Stop the Saatchi Bill

Driven by an extraordinary two-year PR campaign on social media and a supportive newspaper partner, this all started as Lord Saatchi’s Medical Innovation Bill, metamorphosed through several versions, and was resurrected under a new name by Chris Heaton-Harris, before finally clearing its last hurdle in the Lords this week to become the Access to Medical Treatments (Innovation) Act. Pretty much the only thing they share is the word 'Innovation' in the title.

One day, it may be possible for politicians to ask the people who actually work in the medical field: what are the problems you face, and how can we help you overcome them?

One day, politicians may actually listen to the answers they receive, and thus try to tackle genuine problems rather than imagined ones.

One day, politicians, medics, researchers, lawyers, patient groups, charities, and the public, may work together to overcome the barriers to the development and provision of new treatments.

But it is not this day.

Read more: Not this day

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The HealthWatch UK debate on the Medical Innovation Bill

HealthWatch UK is a charity that has been promoting evidence-based healthcare since 1991. It has no connection with the Healthwatch organisations set up under the Health and Social Care Act 2012. They held a debate on 4 March 2015 in conjunction with King’s College London: “This house supports the Medical Innovation Bill”. For: Professor Sir Mike Rawlins, patron of HealthWatch UK…

A welcome decision

The Stop the Saatchi Bill Alliance welcomes the decision not to move the Medical Innovation Bill at its second reading. While we firmly support innovation, we were joined by countless charities, experts, professional and patients’ organisations in our concerns that the Bill, which was set to apply to all patients, all doctors, all conditions and all treatments, was both unnecessary…

The end of the Medical Innovation Bill

In just seven seconds, the fate of the Medical Innovation Bill was sealed: It was not moved by any MP. If it had been, it would have taken just one MP to shout ‘Object’ and it would have had to come back to the House of Commons for another attempt at a second reading. Because it was not moved, the…

Rearranging the Deckchairs

How the Lords Couldn’t Fix the Saatchi Bill Despite claims that the Medical Innovation Bill has been fully amended and is now strengthened, it remains unfit for purpose. The vast majority of amendments offered by Lord Saatchi’s colleagues to try to remedy the many faults of the bill were discarded. Of the more than 2000 words of amendments independently proposed…

The Medical Innovation Bill – In a Nutshell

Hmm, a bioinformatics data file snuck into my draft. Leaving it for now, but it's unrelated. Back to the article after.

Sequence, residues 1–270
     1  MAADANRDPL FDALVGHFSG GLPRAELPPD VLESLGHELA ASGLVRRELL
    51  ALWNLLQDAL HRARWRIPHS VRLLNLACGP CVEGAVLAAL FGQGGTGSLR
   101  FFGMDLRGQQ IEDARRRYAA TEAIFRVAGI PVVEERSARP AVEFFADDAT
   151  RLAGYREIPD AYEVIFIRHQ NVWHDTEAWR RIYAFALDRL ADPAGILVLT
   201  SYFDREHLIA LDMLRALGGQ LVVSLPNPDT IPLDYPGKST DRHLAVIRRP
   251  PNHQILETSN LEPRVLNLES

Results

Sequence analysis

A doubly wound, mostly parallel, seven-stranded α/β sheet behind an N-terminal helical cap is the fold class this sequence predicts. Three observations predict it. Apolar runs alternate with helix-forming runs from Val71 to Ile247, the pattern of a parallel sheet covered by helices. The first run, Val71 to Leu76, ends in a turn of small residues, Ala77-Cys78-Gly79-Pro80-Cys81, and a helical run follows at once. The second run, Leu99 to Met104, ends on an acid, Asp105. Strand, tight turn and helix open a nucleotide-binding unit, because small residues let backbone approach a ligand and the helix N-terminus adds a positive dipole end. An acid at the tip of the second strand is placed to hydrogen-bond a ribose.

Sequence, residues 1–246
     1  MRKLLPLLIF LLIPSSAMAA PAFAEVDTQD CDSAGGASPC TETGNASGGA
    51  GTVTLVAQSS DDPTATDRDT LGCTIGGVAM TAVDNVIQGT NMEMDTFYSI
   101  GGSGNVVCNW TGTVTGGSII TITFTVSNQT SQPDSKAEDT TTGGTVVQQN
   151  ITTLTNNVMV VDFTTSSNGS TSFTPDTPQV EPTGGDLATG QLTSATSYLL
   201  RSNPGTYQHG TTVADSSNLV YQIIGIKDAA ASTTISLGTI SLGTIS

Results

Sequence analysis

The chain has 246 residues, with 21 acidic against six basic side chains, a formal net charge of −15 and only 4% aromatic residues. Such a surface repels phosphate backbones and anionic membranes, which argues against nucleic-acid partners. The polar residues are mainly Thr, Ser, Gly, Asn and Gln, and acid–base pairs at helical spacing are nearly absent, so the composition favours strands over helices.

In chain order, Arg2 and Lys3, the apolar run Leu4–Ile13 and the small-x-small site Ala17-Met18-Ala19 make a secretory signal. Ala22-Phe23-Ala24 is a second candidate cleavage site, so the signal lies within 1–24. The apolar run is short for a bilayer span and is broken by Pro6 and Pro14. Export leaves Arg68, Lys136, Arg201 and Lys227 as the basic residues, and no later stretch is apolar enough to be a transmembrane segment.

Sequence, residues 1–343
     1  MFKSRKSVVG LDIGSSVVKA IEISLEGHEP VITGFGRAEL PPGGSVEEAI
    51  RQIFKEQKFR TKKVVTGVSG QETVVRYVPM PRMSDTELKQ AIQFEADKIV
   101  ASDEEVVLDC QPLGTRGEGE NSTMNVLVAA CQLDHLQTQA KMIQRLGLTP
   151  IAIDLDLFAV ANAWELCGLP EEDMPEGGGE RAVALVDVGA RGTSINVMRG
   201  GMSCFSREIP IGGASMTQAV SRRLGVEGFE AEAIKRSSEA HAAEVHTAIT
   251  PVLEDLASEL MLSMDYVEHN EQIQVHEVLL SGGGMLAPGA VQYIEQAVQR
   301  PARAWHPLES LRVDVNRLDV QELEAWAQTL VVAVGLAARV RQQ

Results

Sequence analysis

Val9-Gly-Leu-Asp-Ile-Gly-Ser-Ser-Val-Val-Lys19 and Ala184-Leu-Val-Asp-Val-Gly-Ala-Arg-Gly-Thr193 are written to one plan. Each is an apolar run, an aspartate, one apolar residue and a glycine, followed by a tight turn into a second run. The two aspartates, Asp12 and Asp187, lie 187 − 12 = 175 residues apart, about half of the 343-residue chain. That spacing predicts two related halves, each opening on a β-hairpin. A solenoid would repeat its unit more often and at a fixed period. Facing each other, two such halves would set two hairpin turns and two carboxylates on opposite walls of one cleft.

Re-blogged with permission from The Medical Innovation Bill – In a Nutshell by Nigel Poole QC The Medical Innovation Bill has passed to the House of Commons from the House of Lords. The purpose of the bill is to promote responsible medical innovation. The means by which innovation is promoted in the bill is by seeking to reduce or remove the…

Quackographic

The Saatchi Bill campaign has come up with an infographic showing how they claim the Bill would work in practice. Although I’ve already produced a flowchart to show where that infographic is wrong (spoiler alert: it’s wrong about everything), the estimable @lexistwit has gone one further, and created his own replacement for the infographic itself. Here’s how it should have…

Into the Commons

The Medical Innovation Bill was sent to the House of Commons following its Third Reading in the House of Lords on 23 January 2015. The Third Reading followed the usual format for these debates: more politeness and deference but not very much real scrutiny and analysis. There were just two amendments proposed: one by Lords Winston and Saatchi and one by Lord Hunt…

Bil Arloesi Meddygol? Wales votes No

Re-blogged with permission from Bil Arloesi Meddygol? Wales votes No by Sofia The Welsh Assembly votes unanimously against Saatchi Bill Vote in the Senedd clear: National Assembly for Wales united against Saatchi Bill a solution in search of a problem and not a very sound solution at that Previous post on LCM here. The National Assembly for Wales debated the Medical…

The GMC: There is still no convincing argument

Re-blogged with permission from The GMC: There is still no convincing argument by Sofia The GMC tweeted a link yesterday highlighting its current position on the Medical Innovation Bill. This was a link to this month’s accountability hearing where the GMC provided oral evidence to the Health Committee in the House of Commons. At this hearing questions were asked about the…